Indian Wedding

A friend recently loaned an old folder full of stories to me. It had been compiled in the 1970s from the scrapbook of the Society of Early Pioneer Women as well as from interviews with daughters of pioneers. Though I’ll write more about the booklet at another time, I wanted to share the following story with you that caught my eye. 

INDIAN WEDDING

  Just before Christmas of 1861, a son of Louis Cyr, a husky young French-Canadian, called at the Sherwood ranch situated on the Poudre River bottom five miles southeast of Fort Collins. He inquired for the Judge but was told he wasn’t there. Young Cyr called two more times. Then on the first day of January, he made his third call but the Judge was still absent. “Bill” Sherwood asked if there was anything he could do. Young Cyr told him he wanted to get married.

  “If that is all you want, I can perform the ceremony,” said Sherwood. The young swain refused to be married without a Bible so Sherwood  brought out a large volume of Shakespeare’s works which satisfied Cyr.

  On arriving at the home of the “bride-to-be,” the young lady had disappeared. She was the daughter of Suis Lewis and his Indian wife and was as wild and timid as a fawn. After a vigorous search, she was found hidden under a pile of blankets. She then was married by the most intricate method that frontier methods and wits could devise using over an hour of time and witnessed by two gamblers, McIntosh and Rice.

  After the ceremony, Suis Lewis, father of the bride, insisted upon a marriage settlement which he proposed in the following manner: “You make paper that if my gal behave and boy get drunk and raise the devil, my gal gets all his horses. If my gal do wrong, he tell her go hell.”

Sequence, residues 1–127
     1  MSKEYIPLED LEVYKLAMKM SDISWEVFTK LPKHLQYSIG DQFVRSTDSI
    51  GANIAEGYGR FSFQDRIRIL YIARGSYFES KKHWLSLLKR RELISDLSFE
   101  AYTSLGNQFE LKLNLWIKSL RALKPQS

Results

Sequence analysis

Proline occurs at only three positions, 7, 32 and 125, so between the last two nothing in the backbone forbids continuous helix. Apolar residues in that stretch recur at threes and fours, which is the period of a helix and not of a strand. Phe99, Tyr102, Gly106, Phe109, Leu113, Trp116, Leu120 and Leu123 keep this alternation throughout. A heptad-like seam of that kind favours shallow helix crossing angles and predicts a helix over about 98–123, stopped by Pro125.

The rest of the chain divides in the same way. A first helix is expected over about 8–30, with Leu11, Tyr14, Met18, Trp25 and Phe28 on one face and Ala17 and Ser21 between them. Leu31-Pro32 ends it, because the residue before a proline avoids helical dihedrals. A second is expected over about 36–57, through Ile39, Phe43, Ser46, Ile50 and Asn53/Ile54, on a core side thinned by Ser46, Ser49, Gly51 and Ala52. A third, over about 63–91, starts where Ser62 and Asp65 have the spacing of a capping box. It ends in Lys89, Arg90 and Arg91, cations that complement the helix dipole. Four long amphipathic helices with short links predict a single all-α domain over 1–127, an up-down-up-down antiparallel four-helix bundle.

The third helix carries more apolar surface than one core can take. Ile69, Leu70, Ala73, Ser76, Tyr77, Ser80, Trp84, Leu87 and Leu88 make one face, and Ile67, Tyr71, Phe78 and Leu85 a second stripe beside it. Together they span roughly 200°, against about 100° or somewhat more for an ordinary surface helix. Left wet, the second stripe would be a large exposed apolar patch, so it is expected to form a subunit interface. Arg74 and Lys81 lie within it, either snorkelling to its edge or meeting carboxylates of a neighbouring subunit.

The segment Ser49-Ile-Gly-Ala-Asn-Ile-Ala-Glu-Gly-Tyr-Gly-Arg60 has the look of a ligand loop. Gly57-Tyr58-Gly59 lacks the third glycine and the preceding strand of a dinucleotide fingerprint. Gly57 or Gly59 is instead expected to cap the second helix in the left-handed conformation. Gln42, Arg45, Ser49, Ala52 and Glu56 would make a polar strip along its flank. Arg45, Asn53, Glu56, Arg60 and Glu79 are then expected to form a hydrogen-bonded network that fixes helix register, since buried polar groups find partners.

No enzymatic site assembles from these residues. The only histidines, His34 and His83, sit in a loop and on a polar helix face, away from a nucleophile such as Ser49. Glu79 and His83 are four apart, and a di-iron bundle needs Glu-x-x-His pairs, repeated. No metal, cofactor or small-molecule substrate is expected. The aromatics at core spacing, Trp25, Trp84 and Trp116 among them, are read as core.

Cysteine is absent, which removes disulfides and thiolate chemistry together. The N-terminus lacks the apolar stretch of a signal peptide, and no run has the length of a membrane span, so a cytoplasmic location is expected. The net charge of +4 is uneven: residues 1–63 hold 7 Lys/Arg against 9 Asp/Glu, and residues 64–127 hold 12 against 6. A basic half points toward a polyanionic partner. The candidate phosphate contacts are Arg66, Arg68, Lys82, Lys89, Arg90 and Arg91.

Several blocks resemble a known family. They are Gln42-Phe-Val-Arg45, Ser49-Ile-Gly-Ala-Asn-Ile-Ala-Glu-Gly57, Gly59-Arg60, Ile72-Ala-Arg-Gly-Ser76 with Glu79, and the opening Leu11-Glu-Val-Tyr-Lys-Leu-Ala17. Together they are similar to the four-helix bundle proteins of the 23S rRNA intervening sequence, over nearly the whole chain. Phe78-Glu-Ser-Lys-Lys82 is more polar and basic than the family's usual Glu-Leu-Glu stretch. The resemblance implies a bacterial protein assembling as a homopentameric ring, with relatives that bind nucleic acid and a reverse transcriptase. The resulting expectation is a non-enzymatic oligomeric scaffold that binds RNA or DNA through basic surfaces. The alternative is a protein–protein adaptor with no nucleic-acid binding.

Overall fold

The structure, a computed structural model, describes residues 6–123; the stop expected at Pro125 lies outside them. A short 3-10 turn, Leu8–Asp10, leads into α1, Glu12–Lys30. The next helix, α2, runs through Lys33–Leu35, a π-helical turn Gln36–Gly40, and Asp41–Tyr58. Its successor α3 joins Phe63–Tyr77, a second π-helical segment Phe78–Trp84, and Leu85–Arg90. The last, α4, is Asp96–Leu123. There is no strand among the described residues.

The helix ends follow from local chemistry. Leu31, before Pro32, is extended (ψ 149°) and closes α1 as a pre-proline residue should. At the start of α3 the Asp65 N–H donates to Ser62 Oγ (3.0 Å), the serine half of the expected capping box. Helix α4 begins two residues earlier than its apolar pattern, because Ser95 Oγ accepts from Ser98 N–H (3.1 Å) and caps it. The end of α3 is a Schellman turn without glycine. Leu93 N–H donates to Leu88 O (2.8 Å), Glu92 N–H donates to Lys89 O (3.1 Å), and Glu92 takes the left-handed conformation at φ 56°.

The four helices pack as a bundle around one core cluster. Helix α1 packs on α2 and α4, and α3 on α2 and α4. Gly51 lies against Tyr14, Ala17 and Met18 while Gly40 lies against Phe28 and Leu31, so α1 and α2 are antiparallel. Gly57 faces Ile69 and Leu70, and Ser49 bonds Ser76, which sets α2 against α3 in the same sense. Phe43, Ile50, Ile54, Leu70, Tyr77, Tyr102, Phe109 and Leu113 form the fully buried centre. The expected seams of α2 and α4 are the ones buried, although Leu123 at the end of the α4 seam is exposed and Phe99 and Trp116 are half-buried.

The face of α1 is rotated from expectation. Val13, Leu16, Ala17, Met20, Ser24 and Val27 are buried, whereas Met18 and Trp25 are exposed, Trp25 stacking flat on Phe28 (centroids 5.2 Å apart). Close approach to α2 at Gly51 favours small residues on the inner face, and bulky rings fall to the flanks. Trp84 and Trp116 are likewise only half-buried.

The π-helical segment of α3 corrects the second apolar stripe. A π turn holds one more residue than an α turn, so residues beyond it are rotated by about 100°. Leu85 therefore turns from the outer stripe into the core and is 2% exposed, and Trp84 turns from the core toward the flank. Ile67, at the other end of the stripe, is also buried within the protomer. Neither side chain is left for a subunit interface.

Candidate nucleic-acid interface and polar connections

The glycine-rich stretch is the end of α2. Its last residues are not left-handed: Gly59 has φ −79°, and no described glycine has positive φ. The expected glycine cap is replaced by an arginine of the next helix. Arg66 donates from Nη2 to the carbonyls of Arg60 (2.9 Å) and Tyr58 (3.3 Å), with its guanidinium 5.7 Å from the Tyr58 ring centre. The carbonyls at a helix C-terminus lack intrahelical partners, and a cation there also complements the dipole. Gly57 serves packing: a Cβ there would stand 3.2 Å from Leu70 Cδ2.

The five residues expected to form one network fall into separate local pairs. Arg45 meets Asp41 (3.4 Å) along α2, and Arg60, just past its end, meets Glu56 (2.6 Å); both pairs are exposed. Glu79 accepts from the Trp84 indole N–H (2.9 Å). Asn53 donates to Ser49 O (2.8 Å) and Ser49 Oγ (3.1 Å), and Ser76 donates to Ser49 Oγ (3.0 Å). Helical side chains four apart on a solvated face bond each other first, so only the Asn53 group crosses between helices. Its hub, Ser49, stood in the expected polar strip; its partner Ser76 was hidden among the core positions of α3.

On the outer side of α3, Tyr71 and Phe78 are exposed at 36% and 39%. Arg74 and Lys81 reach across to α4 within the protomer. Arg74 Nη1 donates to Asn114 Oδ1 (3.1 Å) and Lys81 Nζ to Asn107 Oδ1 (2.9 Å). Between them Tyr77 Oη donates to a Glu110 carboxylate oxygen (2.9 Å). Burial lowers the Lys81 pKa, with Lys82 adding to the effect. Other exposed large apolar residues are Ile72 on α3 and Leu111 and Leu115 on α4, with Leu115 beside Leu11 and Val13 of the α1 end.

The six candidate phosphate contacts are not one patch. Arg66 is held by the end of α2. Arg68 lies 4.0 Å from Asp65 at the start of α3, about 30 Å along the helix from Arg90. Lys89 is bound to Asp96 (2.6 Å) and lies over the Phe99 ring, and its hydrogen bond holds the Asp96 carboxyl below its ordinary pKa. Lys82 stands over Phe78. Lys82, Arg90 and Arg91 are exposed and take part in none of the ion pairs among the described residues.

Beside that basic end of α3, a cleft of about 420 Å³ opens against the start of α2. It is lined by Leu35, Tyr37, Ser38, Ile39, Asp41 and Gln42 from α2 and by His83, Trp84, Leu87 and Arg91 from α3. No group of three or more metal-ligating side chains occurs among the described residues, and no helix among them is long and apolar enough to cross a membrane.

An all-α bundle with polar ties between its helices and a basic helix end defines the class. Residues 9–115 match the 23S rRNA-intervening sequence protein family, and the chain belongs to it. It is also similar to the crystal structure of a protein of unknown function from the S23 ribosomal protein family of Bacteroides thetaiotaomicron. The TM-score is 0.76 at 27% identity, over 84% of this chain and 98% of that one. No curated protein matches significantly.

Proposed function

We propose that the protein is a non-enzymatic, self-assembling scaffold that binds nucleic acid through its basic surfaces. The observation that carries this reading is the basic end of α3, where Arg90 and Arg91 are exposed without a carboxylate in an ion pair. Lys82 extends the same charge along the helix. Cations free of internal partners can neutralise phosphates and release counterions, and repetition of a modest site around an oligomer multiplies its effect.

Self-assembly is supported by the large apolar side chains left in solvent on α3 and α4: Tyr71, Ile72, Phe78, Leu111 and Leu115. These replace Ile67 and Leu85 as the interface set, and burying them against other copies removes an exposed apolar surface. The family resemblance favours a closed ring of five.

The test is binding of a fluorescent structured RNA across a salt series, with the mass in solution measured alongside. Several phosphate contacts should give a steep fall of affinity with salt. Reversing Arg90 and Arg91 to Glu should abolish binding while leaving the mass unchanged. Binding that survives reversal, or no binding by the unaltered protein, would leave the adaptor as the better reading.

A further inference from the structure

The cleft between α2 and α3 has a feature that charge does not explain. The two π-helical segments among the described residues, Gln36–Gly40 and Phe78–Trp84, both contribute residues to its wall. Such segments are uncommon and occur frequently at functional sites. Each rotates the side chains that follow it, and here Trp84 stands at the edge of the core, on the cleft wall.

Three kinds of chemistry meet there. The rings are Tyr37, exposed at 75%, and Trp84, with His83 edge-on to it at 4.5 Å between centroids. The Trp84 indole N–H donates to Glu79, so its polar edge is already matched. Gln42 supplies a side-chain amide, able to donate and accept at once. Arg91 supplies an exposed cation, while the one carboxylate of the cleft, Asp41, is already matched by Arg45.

This story is not attributed to any author, but it can also be found in the Sons of Colorado magazine from January 1908. Luella M. Rhodes, one of the earliest members of the Society of Early Pioneer Women, was the author. It is also found, in more embellished form, in Ansel Watrous’s History of Larimer County, Colorado. Given that Ansel’s book was published in 1911, it’s likely that he used Rhodes version as the fodder for his own rendition of the story.

Detail from Alfred Jacob Miller’s “The Trapper’s Bride.” Author Andrew Graybill’s book, “The Red and the White,” looks at three generations of a mixed-race Native American-white family. From On Point with Tom Ashbrook.

Unfortunately I have not been able to find any other mention of Louis Cyr or his son, nor Suis Lewis (called Jesus Lewis in the Sons of Colorado version of the story) or his daughter.

Although the tenor of the story is light hearted and clearly meant to bring a chuckle from its audience, it also shines a light on the treatment of women in the day. On the one hand, the girl appears to have been joined in this marriage against her will. It was probably a decision made by her father, not by herself. On the other hand, her father insisted on a prenup agreement that would favor her if her husband turned out to be a drunkard.

One of the treasures of this collection of stories is that it was written by pioneer women with an eye toward the duties, social events, clothing, and experiences of women in particular. Watch for more excerpts in upcoming articles.


 

The Society of Early Pioneer Women still exists today! It is now called the Pioneer Women Association. Female descendants of the early pioneers (or at least of families that have been in the area for several generations) as well as women who have been in northern Colorado for at least the past 30 years, can become members. The women meet on the first Friday of each month, and the current head of the women’s group, Judy Jackson, is the same woman who loaned me this collection of stories.